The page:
0
$\begingroup$

For mathematical proofs, I want to be able to find all integers that divide another integer. For instance, integers that divide 50.

Following the definition that:

  • $a$ and $b$ are integers where $b$ not equal to $0$
  • $a$ is divisible by $b$ ($a/b$), if there is another integer $c$ where $a = bc$

In the example above. I could say that 50 is divisible by 5 since $10\times5=50$ satisfying $a = bc$. But how can I prove it for all integers using the previous definition? Or am I looking at the wrong thing?

Thanks.

$\endgroup$
3
$\begingroup$

Can you use prime factorization? The best way to do this is say that $50 = 2^1 * 5^2$, and that any number that divides $50$ must be equal to $2^n * 5^m$, where $0 \leq n \leq 1$ and $0 \leq m \leq 2$. The full list is

$$ 2^0 * 5^0 = 1\\ 2^0 * 5^1 = 5\\ 2^0 * 5^2 = 25\\ 2^1 * 5^0 = 2\\ 2^1 * 5^1 = 10\\ 2^1 * 5^2 = 50 $$

If we have one of these numbers, $(2^n * 5^m)$, then we can show that $ (2^n * 5^m) * (2^{1-m} * 5^{2-m}) = 50$, so it divides $50$ by your definition of "divides."

$\endgroup$
  • $\begingroup$ Thank you for your answer, is there a way to proove it without using prime factorization? $\endgroup$ – Victor Luna Sep 19 '19 at 20:32
  • 1
    $\begingroup$ @VictorLuna Primes are the fundamental building blocks of products. Unique factorisation into primes is a key property of the positive integers. I am not sure what you think you might be able to prove without using prime factorisation. As you will see from my answer, the number of possible factors depends on the prime factorisation. $\endgroup$ – Mark Bennet Sep 19 '19 at 20:43
  • $\begingroup$ But what if we have for instance -40 as the integer. Would we be able to stil use factorization with primes? As we define prime as p > 1 where p is a natural number. I am new to proofs so I am just trying to understand. Also not sure if I am asking the right questions, $\endgroup$ – Victor Luna Sep 19 '19 at 20:47
  • $\begingroup$ $-40$ is just as factorizable as any positive integer: $-1 * 2^3 * 5^1$. The factors of $-40$ are the same as the factors of $40$, if you're counting both positive and negative factors of $40$. $\endgroup$ – Andrew Tindall Sep 19 '19 at 20:53
  • $\begingroup$ And what about integers that 50 are divisible by. Would you use a similar strategy or would it change to a = 50 * m where m is an integer and a is the number that 50 can be divisible by? $\endgroup$ – Victor Luna Sep 19 '19 at 21:53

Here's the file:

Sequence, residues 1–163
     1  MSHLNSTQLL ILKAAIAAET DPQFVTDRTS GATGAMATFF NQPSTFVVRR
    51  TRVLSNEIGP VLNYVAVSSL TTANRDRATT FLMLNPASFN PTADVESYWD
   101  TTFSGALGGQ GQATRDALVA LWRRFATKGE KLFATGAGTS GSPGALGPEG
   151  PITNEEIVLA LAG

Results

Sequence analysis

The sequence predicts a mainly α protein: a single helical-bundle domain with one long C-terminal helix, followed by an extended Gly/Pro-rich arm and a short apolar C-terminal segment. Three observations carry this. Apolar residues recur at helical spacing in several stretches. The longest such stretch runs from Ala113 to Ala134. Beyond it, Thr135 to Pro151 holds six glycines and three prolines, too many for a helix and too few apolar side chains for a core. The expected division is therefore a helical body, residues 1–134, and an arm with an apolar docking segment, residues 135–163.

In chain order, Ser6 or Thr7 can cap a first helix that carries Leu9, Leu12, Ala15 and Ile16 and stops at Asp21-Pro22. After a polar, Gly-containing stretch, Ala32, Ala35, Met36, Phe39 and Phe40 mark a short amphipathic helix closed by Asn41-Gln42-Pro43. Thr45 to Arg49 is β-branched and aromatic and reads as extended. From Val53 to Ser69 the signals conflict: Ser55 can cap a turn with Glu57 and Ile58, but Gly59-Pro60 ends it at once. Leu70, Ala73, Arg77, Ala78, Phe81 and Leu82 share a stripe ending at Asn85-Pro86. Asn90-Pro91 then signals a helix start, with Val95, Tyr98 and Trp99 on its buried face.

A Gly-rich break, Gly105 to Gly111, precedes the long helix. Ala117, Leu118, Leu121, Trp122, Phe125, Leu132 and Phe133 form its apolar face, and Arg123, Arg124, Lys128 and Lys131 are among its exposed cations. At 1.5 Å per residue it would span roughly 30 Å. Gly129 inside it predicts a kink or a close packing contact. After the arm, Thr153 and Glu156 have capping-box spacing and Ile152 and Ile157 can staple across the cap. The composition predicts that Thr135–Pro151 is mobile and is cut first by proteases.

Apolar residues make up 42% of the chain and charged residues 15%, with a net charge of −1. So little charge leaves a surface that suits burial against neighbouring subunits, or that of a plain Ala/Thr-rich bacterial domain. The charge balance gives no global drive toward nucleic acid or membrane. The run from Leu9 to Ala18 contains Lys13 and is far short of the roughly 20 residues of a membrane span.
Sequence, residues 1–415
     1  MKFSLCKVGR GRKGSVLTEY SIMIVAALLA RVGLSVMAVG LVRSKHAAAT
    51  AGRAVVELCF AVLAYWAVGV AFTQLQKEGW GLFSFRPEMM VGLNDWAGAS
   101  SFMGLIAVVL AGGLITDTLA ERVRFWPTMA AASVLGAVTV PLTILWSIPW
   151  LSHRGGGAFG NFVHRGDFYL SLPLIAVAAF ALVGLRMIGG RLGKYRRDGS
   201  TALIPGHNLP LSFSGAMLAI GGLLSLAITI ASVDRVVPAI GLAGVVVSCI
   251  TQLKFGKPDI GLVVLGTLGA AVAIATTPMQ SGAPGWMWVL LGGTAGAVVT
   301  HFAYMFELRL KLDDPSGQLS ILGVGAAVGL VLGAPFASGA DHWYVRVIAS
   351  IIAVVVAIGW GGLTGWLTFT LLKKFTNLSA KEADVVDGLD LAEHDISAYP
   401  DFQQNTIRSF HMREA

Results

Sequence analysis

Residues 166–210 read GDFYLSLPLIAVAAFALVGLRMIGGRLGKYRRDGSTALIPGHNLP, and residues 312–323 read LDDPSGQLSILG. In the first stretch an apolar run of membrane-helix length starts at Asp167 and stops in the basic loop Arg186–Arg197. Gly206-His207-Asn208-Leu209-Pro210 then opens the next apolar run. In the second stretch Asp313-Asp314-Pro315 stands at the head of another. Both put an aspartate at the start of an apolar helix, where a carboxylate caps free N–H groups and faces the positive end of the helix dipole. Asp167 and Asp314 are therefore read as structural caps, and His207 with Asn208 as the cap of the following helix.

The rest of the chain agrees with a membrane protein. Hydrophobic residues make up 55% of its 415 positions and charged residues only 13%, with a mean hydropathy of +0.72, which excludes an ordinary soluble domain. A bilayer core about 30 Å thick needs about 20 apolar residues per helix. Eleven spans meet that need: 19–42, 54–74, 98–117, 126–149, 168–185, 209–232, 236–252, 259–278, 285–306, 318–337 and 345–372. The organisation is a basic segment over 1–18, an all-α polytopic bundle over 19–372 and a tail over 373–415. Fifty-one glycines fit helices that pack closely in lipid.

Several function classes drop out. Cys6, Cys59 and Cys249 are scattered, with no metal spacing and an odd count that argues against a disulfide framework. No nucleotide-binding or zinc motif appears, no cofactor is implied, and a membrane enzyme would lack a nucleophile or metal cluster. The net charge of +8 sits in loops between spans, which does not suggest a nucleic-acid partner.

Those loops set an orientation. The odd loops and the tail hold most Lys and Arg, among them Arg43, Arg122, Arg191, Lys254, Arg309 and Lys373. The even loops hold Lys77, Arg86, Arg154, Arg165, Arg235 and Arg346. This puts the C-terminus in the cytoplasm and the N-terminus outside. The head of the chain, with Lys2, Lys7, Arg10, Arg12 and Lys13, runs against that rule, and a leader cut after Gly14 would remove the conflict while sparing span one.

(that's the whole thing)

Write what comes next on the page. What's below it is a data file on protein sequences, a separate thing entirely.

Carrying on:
2
$\begingroup$

In general factoring is hard - that is the basis of some codes. However in the case of small numbers like $50$ which you can factorise, splitting into distinct prime factors helps to achieve a systematic approach and gives a check that you have found them all.

If $$N=\prod_{r=1}^np_r^{a_r}$$ is the factorisation into distinct primes, with the prime $p_r$ appearing $a_r$ times in the factorisation, then the factors are the numbers of the form $$F=\prod_{r=1}^np_r^{b_r}: 0\le b_r\le a_r$$ and there are $$K=\prod_{r=1}^n(a_r+1)$$ distinct factors including $1$ and $N$.

In particular we can note that the number of factors is even if any of the $a_r$ are odd - so the positive integers with an odd number of distinct positive integer factorisations are precisely the square numbers.

$\endgroup$
  • $\begingroup$ Would this be the same if we are trying to find the integers that divide negative numbers as well? $\endgroup$ – Victor Luna Sep 19 '19 at 20:48
  • $\begingroup$ @VictorLuna With negative integers you have an extra factor $-1$. If you are counting positive integer factors you ignore this. If you want to count negative integers as factors then any factor can have $-1$ or not, and you double the number. The remaining conundrum is the answer for zero. $\endgroup$ – Mark Bennet Sep 19 '19 at 20:52
  • $\begingroup$ And what about integers that 50 are divisible by. Would you use a similar strategy or would it change to a = 50 * m where m is an integer and a is the number that 50 can be divisible by? $\endgroup$ – Victor Luna Sep 19 '19 at 21:53
  • 1
    $\begingroup$ @VictorLuna If you mean multiples of $50$ so that $N=50M$ then for each factor $m$ of $M$ you will find a factor $50m$ of $N$. You factor out the $50$ and put it back in at the end. $\endgroup$ – Mark Bennet Sep 20 '19 at 7:11
  • $\begingroup$ Thank you for your explanation! However, for the purposes of what I need Andrews answer is more appropriate. $\endgroup$ – Victor Luna Sep 20 '19 at 18:49

Your Answer

By clicking “Post Your Answer”, you agree to our terms of service, privacy policy and cookie policy

Not the answer you're looking for? Browse other questions tagged or ask your own question.